Accept The Ruling

-Cllr. Tubman Urges Party Litigants
-As Supreme Court Rules
Tomorrow, December 7, 2017 is a D-day in Liberia. Almost every Liberian at home and abroad is on edge to greet an untold opinion expected to be released by the Supreme Court of Liberia. The pending ruling is moored on the current political impasse which is gradually dragging the country into the ring of an unwanted political and constitutional imbroglio, which many Liberians and international partners are considering to be repugnant to the peace and stability of the country that is still struggling to overcome the wounds of a 14 year civil hostilities; Anthony Selmah of our staff who spoke to a constitutional lawyer ahead of the ruling Reports.For more than one month now, Liberians have been languishing in the state of skepticism about the political future of the country; it all started when Cllr. Charles Walker Brumskine, Standard Bearer of the defeated opposition Liberty Party startlingly chose to protest the outcomes of the October 10, 2017 presidential and legislative polls, although he came third according to official results released by the National Elections Commission (NEC).
Cllr. Brumskine’s refusal to accept the result of the polls also attracted support from other three aggrieved political parties, including the ruling Unity Party (UP); the Alternative National Congress (ANC) and the All Liberian Party (ALP); in concert, they alleged that the polls were marred by “massive systemic fraud and irregularities” for which they are uncompromisingly calling for rerun of the entire elections, although they failed to prove their allegation at the NEC where they were provided opportunity to meet Hearing Officer and Board of Commissioners which is required under the law.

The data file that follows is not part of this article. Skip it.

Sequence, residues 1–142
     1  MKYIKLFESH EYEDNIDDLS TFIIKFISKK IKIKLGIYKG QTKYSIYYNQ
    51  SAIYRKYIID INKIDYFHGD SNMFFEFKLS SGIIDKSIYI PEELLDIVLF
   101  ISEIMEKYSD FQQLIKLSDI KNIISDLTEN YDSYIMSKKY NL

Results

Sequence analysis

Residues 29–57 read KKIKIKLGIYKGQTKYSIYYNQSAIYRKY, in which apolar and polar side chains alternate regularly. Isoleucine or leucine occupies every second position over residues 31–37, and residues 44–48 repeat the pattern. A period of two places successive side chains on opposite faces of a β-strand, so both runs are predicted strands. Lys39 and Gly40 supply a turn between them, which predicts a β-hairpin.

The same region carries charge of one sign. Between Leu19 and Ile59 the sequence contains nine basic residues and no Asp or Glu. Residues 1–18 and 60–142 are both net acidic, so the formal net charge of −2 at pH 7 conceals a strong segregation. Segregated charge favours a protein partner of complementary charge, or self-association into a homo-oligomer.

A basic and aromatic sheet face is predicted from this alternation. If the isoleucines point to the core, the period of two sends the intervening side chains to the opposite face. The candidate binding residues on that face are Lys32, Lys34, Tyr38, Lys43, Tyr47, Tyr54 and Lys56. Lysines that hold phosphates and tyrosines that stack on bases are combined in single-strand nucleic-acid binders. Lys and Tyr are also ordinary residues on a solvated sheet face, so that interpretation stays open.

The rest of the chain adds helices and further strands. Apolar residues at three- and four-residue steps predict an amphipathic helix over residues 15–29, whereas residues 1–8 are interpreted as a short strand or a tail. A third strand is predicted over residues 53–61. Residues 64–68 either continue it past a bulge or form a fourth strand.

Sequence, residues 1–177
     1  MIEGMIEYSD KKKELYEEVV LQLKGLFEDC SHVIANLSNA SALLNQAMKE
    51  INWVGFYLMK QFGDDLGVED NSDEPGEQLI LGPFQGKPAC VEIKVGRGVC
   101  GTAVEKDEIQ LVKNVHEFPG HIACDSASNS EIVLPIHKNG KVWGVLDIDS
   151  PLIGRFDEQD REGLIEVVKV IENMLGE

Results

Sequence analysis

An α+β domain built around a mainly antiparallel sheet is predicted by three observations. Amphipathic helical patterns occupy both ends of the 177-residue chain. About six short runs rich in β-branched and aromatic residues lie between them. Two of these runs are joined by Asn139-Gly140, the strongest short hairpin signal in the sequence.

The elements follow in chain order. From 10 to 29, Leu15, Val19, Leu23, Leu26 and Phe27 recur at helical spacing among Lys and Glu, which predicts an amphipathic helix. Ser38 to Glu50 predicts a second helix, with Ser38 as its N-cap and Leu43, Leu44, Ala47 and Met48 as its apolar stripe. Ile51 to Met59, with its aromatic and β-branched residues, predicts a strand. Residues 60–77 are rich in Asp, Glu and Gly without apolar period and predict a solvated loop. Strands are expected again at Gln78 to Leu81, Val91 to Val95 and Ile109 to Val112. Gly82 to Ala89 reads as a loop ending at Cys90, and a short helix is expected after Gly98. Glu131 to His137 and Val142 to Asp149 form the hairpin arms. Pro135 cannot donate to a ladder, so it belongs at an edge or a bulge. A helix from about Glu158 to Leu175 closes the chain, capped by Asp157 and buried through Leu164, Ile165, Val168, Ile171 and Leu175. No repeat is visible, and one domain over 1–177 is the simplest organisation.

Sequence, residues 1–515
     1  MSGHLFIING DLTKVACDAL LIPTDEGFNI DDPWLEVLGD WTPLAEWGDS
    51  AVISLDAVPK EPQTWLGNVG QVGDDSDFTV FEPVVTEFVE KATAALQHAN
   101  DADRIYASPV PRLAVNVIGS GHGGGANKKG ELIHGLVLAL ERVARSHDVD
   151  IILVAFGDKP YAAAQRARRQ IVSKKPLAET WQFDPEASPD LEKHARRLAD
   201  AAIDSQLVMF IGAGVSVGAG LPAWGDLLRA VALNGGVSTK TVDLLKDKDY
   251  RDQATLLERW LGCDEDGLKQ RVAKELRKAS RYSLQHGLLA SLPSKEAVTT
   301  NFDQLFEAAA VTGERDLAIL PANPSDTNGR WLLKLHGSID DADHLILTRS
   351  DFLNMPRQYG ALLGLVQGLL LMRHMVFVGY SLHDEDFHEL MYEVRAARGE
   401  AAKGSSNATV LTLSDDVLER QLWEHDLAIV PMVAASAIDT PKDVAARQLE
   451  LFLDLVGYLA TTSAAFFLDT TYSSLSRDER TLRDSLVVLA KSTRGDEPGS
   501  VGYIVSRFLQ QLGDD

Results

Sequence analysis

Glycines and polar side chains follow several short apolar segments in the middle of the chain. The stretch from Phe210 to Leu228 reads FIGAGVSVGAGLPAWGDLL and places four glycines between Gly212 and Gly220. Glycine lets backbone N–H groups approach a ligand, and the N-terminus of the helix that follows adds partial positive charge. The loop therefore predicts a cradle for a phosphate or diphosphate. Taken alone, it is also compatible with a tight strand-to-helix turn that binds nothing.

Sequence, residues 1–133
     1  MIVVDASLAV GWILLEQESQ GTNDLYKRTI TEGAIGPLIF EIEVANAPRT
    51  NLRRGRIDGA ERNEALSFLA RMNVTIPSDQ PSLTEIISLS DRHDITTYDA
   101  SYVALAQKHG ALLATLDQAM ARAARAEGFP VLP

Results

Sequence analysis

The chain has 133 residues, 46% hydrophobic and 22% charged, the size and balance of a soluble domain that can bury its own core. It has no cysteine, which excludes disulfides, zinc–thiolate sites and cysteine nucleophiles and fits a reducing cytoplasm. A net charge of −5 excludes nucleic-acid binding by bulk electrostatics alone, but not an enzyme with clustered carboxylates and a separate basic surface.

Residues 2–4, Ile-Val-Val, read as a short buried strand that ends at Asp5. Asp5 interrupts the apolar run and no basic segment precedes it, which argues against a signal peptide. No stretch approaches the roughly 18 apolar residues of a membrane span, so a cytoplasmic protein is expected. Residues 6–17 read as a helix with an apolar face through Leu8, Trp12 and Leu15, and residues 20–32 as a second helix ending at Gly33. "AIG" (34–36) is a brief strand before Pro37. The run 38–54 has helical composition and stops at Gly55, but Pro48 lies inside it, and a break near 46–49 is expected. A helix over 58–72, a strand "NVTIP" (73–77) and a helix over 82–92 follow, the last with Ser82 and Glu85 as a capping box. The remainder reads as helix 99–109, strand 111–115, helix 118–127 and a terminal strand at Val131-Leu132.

Chief Justice Francis S. Kporkor Sr.

Initially, Cllr. Brumskine ran to the Supreme Court for a prohibition while his election fraud case was being investigated at the NEC; he pleaded with the court to compel NEC to adjudicate his case before conducting runoff elections which was scheduled November 7, 2017 between the opposition Coalition for Democratic Change (CDC) and the governing Unity Party (UP). The High Court granted the petition and placed a stay order on the runoff but sent the aggrieved parties back to the electoral commission to adjudicate the case; however, the parties led by Cllr. Brumskine refused to accept decision from the NEC and returned to the High Court.
However, after hearing from all party litigants recently, including NEC in the fraud case, the Supreme Court is expected Thursday to come down with the final ruling which might likely settles the current political stalemate in Liberia. Runoff or rerun is expected to come out tomorrow, although many Liberians are predicting that a rerun could plummet the country into a constitutional crisis, which the international community is trying to foil but the aggrieved parties appear determined not to compromise anything.
Although it is not clear what the outcome of the ruling would be, one of Liberia’s constitutional lawyers and politicians, Cllr. Winston Tubman has called on leaders of the parties involved in the ongoing case to respect ruling expected from the Supreme Court. “Cllr. Brumskine did not do anything bad by going to the court with his disenchantment from the October 10, 2017 polls,’ Cllr. Tubman said. He made the appeal in an interview with this paper recently.
According to Cllr. Tubman, the court is a place people go to seek justice if they are disenchanted with issues rather taking the path of violence.

VP Boakai and Cllr. Brumskine

Cllr. Tubman contested the presidency in the 2005 on the ticket of the National Democratic Party of Liberia (NDPL) and in 2011 on the ticket of the Congress for Democratic Change (CDC). In 2011, he claimed cheated and called for recount of the results; his call followed NEC’s decision to withdraw initial result giving to the CDC on the basis that it was an error.
However, the refusal of NEC to recount the ballots prompted the CDC to withdraw from the 2011 runoff elections and incumbent President Ellen Johnson Sirleaf became the lone candidate; Cllr. Tubman and the CDC bowed to national and international pressure and accepted the results.

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